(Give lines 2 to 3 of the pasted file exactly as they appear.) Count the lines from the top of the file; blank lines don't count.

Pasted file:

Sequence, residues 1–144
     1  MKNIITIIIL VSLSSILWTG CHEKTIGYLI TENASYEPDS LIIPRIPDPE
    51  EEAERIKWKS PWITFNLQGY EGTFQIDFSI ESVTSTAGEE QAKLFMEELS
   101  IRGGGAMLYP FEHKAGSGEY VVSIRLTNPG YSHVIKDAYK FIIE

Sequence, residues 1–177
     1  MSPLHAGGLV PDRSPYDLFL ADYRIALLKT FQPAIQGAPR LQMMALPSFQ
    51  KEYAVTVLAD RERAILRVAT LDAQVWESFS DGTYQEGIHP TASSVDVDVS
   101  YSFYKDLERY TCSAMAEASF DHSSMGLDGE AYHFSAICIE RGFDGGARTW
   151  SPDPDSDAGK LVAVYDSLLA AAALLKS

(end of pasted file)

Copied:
     1  MKNIITIIIL VSLSSILWTG CHEKTIGYLI TENASYEPDS LIIPRIPDPE
    51  EEAERIKWKS PWITFNLQGY EGTFQIDFSI ESVTSTAGEE QAKLFMEELS